The Dumfries and Galloway Arts Festival begins its ten-day stint with an opening night opera at the Easterbrook Hall.

Also on the stage over 16 and 25 May is a trio of ground-breaking theatrical performances.

With a five-star review in the Herald Scotland this week, Oran Mor’s lunchtime theatre experience of A Play, A Pie and A Pint, presents Voices from the Black that I Am, a quartet of monologues reflecting on the eponymous play of award-winning Jamaican playwright Karl O’Brian Williams. Voices will be heard at the CatStrand, New Galloway, on Sunday, 18 May. Watch the performance with a pie and a pint in an informal and cheery atmosphere.

The personal theatre experience continues with Pirates and Mermaids in Gatehouse and Thornhill. This is a passionate, moving and funny transatlantic love story set in both New York and a small coastal village in Scotland. This 90-minute production staged for small audiences sees actor Jeremiah Reynolds deliver an acclaimed solo performance in a small setting. Pirates and Mermaids takes place at the Mill on the Fleet, Gatehouse, on Saturday, 17 May, at 2pm and 4pm; and at Thomas Tosh, Thornhill, on Sunday, 18 May, at 12pm, 2pm and 4pm.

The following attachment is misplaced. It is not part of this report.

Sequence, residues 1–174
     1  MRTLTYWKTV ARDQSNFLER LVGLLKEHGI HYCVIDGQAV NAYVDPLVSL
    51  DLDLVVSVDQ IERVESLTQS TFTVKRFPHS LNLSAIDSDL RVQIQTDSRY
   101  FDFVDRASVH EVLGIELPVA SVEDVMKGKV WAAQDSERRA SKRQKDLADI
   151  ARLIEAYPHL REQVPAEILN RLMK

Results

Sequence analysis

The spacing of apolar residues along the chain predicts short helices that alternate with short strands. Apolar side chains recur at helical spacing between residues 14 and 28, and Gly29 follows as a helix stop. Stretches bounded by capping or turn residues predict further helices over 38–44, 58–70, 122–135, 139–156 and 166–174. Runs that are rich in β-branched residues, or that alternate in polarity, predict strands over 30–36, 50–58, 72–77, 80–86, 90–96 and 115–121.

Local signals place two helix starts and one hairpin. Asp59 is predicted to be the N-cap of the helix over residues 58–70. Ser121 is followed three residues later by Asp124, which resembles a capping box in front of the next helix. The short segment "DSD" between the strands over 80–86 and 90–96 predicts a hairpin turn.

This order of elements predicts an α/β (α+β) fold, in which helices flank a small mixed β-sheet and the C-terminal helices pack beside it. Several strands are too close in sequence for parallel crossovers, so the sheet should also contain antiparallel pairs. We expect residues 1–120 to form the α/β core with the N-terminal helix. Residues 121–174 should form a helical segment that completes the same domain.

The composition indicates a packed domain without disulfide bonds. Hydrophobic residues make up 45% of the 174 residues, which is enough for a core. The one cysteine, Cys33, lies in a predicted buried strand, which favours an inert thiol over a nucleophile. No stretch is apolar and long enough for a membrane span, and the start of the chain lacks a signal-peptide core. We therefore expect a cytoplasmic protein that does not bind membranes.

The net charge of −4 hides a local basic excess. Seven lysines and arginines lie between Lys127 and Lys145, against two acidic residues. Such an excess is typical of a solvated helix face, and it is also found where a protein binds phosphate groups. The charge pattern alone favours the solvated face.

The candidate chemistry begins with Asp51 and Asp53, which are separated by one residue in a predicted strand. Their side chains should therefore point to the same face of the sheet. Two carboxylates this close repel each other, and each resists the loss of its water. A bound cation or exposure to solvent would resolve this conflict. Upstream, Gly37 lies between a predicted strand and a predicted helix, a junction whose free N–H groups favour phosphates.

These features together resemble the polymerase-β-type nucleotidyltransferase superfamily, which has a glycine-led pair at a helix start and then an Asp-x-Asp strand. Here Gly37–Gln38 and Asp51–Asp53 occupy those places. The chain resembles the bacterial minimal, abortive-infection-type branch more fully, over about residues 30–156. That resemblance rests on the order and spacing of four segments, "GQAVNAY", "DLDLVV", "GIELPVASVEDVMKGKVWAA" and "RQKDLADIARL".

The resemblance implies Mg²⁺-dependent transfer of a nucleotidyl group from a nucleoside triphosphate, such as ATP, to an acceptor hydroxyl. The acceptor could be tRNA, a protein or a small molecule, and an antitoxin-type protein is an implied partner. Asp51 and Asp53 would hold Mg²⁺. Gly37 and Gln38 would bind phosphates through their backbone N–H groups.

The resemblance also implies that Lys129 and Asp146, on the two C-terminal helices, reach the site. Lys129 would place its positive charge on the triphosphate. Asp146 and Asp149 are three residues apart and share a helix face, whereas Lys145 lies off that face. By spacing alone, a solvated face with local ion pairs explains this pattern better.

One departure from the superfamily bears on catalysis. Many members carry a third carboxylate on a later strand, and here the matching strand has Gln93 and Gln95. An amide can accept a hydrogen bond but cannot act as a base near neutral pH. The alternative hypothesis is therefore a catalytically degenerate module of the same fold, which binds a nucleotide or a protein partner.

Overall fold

Drama al fresco, takes the form of a one-woman outdoor show in Moffat and Dumfries in Wee Betty. Catherine Major plays a dual role of young teenager and old farmer in this thought-provoking regional tale of hopes and dreams of home. Wee Betty takes place at Meikleholmside Farm, Moffat, on Friday, May 23, at 6.30pm. A show bus will be waiting outside Moffat Town Hall at 6pm to take audiences to the farm where the outdoor stage is set. The performance then moves to Mill Green, Dumfries, on Saturday, 24 May, at 6pm.

Tickets for all events (half price for the under 26s) are available from the Midsteeple Box Office, Dumfries, tel: 01387 253383. For a programme and further details, visit www.dgartsfestival.org.uk

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